Someone is going to tell you that the new album from Crater is electro-pop. The sophomore release from the Seattle-based duo is called Unearth, and ‘yes’ it’s kind of electro-pop but this album takes license with the genre; musically it sneaks darker elements beneath the radar, and lyrically it addresses issues that are typically overlooked in pop. Some people may tell you that this album leans into an industrial sound, but it’s more nuanced, more mature, more worldly-wise. It’s important to sort these distinctions, because Crater are not flimsy pop personalities, nor are they pouting with subdued malcontent.
Cecelia Gomez and Kessiah Gordon commit to a level of lyrical craft that’s refreshing. Even at the bleakest moments of reflection there’s the reassuring measure that they’re still in control. There’s no ranting, no easy chorus sing-alongs, and no reliance on typical devices. There is purpose, and it seems that Crater are driven to establish community with these tracks. Not in some idealized, “If we get together we can overthrow” way, but in the sense of “The sense of loss in me is personal to me, but it’s the same as the sense of loss that’s personal to you – let’s talk.” For all the sweeps, and broad vistas of the album – of which there are many – at heart this is a deeply intimate album.
This collection, as the title explains, digs through the issues that are often buried in life. There’s death, heartbreak, and even petty frustrations – all dealt in an oddly holistic way. An innocuous remark or moment can trigger a well of emotions that belong to a larger, uneasy situation. Tracks tilt and whirl, just like emotional meters tilt and whirl. There’s a smartness in the material that means these dark passages shimmer with light, and larger truths push up to just beneath the surface. Crater do all the heavy lifting – but they expect the audience to work with them and invest something of themselves – to reach in.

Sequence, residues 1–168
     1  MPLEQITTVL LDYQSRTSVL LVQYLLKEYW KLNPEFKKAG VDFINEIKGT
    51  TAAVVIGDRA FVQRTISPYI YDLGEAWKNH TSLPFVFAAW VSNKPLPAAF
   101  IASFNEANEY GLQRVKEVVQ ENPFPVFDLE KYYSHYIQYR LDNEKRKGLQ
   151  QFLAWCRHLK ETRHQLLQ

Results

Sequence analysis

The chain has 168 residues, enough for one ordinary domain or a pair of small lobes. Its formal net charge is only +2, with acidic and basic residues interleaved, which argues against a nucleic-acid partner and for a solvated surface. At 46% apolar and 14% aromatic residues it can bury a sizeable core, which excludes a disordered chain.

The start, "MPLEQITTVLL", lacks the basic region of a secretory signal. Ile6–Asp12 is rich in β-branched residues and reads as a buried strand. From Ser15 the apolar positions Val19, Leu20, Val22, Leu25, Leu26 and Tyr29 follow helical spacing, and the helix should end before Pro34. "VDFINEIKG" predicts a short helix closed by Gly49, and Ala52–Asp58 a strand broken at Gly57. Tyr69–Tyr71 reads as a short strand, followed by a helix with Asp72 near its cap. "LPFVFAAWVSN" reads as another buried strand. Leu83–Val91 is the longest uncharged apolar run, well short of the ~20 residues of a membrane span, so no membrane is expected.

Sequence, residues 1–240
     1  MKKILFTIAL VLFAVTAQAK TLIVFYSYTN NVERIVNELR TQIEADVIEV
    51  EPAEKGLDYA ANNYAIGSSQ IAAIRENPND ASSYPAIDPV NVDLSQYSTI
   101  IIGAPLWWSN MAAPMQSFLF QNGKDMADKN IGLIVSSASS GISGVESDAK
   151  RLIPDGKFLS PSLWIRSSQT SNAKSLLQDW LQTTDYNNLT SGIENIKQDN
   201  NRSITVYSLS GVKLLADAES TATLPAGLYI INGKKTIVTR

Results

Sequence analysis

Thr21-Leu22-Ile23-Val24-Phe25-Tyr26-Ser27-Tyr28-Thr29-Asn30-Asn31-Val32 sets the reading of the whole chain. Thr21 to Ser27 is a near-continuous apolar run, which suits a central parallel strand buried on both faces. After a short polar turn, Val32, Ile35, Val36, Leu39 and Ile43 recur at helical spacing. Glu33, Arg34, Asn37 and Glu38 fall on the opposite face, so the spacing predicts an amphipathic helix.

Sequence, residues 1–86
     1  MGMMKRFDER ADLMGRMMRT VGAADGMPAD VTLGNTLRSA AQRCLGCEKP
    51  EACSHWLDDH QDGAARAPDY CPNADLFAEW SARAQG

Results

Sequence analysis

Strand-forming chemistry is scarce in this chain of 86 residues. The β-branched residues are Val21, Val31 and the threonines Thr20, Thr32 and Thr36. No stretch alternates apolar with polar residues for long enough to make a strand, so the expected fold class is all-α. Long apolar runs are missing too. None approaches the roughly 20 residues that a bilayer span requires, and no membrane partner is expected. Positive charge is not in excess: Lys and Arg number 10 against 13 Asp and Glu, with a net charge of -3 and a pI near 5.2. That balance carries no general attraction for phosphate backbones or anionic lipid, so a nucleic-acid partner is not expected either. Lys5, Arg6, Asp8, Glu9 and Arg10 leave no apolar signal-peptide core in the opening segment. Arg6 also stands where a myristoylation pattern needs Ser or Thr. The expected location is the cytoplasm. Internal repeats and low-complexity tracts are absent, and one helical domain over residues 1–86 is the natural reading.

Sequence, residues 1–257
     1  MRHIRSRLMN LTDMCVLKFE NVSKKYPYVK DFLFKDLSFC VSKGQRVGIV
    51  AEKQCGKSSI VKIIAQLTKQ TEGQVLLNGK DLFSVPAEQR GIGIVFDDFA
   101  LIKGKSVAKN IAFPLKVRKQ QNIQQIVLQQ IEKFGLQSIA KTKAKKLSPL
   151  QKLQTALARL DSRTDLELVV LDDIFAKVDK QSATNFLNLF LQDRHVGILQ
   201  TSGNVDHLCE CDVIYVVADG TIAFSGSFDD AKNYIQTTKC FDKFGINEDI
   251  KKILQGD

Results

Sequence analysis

“Unfurled myself, like I knew I would, to feel some comfort.” Is a line in the opening, title-track. Under analysis this line may well be the cornerstone of the collection. It is voluntarily that the protagonist opens, she is self-aware, and she infers that vulnerability is required before comfort can be felt. Gomez takes vocal lead, but Gordon’s harmonic presence offers a subconscious sweep of the issue. This is one of those tracks that could live forever, timelessly in nocturnal headphones, or fill dance floors in the more mindful clubs.
Closing out the album is “No Es Illusion” A Spanish-language revelation which is smart. “It’s not an illusion…” leads us to think that the big secret is about to be revealed, that you can trust your eyes, your ears. This may all be unbelievable, but it’s true. Veiled in a second language this closing truth becomes even more poetic, more exotically honest. And the chimes that ring out the close of the sequence are pretty as fuck.
For Unearth we award Crater all the street lights in Seattle turned green in the rain.
HURRY – LISTEN – CRATER